“Our special sauce is meeting and talking to voters at their door, meeting them where they are. We did not do that in 2020, and the Republicans figured that out,” she said during the virtual launch event.


News
City seeks to diversify workforce

HIGH POINT — The city’s new diversity, equity and inclusion program is seeking to bring more women and ethnic minorities into High Point’s workforce.

Managing Director Jeron Hollis told the City Council at a recent briefing on the progress of the initiative that about 23% of the city’s roughly 1,400 employees are minorities and 26% are women.

Hollis said 2020 census data show that the city’s population as a whole is 57% minority and 53% women.

“Council has made a commitment earlier that having a workforce that reflects the demographics of the community is something that is important,” he said. “We’re in a unique area now with the opportunities we have moving forward as we’re hiring and replacing people who are leaving the workforce.”

Attention to the demographic makeup of the city workforce is a key factor in meeting the service needs of High Point’s increasingly diverse population, he said.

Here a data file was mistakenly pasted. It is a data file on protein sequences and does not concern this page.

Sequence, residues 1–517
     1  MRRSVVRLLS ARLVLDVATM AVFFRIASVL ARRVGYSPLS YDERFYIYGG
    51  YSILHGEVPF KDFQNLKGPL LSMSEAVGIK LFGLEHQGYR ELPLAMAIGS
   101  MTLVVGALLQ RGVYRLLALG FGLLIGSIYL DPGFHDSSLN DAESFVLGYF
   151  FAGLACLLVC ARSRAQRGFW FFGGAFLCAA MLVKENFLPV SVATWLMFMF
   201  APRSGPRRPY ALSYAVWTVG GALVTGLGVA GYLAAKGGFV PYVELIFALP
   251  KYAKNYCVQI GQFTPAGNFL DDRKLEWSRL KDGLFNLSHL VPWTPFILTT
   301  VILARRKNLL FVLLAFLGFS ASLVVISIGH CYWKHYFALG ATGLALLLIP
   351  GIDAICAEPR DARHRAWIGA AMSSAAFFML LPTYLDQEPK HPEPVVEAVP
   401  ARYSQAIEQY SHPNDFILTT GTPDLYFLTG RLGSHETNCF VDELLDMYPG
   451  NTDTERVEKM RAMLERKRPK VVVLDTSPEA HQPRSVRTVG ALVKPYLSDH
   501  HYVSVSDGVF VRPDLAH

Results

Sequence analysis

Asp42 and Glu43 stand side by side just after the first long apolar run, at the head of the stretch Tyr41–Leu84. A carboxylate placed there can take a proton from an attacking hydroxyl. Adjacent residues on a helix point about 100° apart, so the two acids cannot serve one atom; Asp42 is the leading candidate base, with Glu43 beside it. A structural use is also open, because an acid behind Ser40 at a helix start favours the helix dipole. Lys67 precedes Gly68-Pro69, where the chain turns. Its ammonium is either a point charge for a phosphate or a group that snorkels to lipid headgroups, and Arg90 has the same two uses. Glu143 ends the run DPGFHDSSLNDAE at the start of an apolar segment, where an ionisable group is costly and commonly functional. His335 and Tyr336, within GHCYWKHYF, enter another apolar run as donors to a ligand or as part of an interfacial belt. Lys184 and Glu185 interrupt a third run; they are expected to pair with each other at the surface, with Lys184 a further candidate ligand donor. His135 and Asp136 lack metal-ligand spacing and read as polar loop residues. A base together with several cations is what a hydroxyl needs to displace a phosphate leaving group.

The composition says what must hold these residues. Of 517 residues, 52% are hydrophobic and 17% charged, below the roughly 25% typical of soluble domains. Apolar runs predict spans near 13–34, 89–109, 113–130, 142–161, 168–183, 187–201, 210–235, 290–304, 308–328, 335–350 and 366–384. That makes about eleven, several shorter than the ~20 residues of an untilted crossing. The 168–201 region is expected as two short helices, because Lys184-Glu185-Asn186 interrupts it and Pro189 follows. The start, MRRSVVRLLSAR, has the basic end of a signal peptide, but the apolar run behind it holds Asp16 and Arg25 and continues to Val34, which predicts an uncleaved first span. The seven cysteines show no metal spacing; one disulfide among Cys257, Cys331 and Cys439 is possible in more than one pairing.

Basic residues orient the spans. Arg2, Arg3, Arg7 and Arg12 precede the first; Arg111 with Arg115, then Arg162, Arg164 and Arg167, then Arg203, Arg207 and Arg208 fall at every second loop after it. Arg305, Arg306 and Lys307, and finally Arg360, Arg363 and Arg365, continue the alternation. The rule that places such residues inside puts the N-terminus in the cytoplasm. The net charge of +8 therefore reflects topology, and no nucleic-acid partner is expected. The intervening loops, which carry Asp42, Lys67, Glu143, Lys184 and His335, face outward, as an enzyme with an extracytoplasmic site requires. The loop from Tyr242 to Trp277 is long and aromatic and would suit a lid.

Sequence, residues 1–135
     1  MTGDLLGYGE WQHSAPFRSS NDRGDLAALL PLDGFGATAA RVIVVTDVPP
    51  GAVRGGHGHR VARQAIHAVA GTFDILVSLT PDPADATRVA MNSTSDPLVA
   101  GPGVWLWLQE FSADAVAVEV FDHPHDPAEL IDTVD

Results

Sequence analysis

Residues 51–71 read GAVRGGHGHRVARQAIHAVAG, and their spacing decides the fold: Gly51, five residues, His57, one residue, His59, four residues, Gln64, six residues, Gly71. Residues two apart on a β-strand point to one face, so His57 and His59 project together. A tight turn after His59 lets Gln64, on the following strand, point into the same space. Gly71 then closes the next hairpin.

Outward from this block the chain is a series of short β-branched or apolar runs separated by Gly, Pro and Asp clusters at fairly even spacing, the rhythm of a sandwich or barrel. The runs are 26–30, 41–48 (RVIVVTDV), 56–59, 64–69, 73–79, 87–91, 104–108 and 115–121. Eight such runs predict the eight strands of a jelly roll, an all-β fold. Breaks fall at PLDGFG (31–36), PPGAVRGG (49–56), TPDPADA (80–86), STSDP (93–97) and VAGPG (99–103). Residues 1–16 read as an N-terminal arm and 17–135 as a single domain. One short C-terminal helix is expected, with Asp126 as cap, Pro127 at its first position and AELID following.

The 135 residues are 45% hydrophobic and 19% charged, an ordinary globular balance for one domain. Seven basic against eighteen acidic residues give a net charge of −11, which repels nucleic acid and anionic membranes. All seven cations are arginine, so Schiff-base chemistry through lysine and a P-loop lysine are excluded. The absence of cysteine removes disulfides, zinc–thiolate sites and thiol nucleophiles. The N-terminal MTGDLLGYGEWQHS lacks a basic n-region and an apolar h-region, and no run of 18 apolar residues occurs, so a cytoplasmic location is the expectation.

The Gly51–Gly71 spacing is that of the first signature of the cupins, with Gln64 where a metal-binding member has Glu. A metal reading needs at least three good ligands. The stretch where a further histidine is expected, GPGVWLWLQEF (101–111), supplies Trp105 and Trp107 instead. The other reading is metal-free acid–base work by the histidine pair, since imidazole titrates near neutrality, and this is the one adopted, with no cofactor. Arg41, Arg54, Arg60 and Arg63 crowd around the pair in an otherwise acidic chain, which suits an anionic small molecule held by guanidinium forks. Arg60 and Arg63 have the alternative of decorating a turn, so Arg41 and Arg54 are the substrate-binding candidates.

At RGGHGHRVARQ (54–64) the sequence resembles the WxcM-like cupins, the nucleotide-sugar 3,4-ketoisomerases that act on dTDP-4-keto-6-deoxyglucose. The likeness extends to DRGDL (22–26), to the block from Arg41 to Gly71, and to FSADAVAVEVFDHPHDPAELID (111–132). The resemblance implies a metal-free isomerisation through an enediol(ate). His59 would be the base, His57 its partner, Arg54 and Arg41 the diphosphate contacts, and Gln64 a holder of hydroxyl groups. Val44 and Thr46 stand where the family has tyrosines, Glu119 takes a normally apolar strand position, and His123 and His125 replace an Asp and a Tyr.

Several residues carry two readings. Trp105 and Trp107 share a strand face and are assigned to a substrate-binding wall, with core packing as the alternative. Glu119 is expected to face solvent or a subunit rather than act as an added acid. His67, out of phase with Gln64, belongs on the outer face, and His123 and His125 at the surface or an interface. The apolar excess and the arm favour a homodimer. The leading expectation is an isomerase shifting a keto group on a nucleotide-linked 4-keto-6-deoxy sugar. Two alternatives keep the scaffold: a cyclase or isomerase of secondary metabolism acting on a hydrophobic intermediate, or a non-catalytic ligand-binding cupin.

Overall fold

Research has shown that having a broader talent pool helps foster creativity, increased problem-solving, decision-making capability and alternative points of view among employees who deliver services, he said.

The city in January named Jelani Biggs as DEI officer and has budgeted a DEI specialist position that officials hope to fill in early 2022, Hollis said.

Both will partner with the Human Resources Department to start a recruitment program that will cast a wider net in seeking candidates from underrepresented populations.

An example of a new type of outreach under consideration could be working with refugee resettlement agencies in the area to make their clients aware of hiring opportunities with the city, he said.

Another step city staff is taking to implement the DEI program involves working with a consultant to conduct a survey of city employees to assess their knowledge, skills and experience related to race and equity. This probably will be done sometime in early 2022.

Hollis said the consultant recommends gathering this information early in the process of implementing DEI initiatives.

pkimbrough@hpenews.com | 336-888-3531